While this may seem shocking, it really shouldn’t be – the same trend shines through with older titles as well. Super Mario Bros on the NES sold a whopping 40 million units (thanks primarily to it being bundled in with the system). Released only 3 years earlier, the classic Trivial Pursuit board game has sold over 88 million copies, easily doubling that amount. (Source = http://en.wikipedia.org/wiki/Trivial_Pursuit)
    You could argue that Trivial Pursuit is really a franchise whereas Super Mario Bros is single title but board and card games hold up even then. Mario is indeed the world’s best-selling video game franchise with a combined total of 261 million units sold. (Source = http://en.wikipedia.org/wiki/List_of_best-selling_video_game_franchises) But, on the board game side, it’s still beat out by the Monopoly franchise which has sold over 275 million copies! (Source = http://www.washingtonpost.com/wp-dyn/content/article/2010/11/24/AR2010112404140.html)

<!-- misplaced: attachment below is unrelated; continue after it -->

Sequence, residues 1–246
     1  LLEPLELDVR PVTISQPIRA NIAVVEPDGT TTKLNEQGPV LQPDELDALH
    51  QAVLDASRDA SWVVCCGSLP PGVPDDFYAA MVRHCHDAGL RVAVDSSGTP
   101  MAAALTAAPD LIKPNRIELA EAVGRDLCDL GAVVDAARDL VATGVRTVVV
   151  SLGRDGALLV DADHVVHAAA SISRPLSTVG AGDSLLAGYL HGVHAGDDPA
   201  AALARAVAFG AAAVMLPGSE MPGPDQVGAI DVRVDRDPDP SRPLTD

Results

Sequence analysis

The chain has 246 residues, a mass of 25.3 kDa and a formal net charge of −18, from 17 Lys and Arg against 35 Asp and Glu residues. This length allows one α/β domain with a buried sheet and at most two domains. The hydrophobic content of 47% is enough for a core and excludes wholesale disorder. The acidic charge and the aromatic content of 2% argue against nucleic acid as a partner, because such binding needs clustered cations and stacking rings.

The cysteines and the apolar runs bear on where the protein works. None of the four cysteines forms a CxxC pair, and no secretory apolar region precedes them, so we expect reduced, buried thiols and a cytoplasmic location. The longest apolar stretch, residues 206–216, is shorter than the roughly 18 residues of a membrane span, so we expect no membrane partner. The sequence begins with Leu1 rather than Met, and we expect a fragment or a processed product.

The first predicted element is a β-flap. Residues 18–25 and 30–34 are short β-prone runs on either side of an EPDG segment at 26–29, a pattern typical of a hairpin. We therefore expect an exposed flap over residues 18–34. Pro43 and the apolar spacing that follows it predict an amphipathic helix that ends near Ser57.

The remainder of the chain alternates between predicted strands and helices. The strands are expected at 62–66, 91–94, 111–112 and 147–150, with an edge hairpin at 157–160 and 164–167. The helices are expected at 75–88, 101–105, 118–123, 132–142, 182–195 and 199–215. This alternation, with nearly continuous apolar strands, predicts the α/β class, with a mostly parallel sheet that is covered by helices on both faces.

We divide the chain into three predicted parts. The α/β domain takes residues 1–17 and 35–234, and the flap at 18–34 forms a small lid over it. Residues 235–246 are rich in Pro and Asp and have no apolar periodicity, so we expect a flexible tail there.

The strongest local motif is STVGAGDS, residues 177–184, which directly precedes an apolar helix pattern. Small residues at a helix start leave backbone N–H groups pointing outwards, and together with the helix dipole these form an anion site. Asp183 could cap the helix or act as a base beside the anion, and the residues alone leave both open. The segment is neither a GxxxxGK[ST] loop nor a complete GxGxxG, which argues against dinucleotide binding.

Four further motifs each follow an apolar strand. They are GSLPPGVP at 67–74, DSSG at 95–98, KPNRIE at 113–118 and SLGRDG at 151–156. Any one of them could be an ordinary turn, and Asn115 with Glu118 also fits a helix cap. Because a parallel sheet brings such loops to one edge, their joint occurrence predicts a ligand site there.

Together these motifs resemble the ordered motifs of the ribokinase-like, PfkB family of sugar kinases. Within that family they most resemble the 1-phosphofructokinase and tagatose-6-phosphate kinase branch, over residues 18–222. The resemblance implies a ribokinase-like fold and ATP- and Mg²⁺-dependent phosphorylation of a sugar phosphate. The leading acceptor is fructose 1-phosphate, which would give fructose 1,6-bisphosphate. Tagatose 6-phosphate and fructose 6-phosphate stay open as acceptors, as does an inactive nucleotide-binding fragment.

So how does all of this compare with games from the tipping point? Well, Wii Sports sold 77 million units and mobile versions of Tetris have sold 100+ units. Most telling, of course, is Angry Birds. Since its launch in December of 2009, it’s been downloaded over 350 million times and counting (http://en.wikipedia.org/wiki/Angry_Birds). These are the video games of the tipping point and, as I’ll explain in Parts II & III of When Games Explode, this is where I see the board and card game industry headed.

  5. Great article Rob! It’s awesome to finally read something to get people excited about the profitability potential of the board game industry for a change!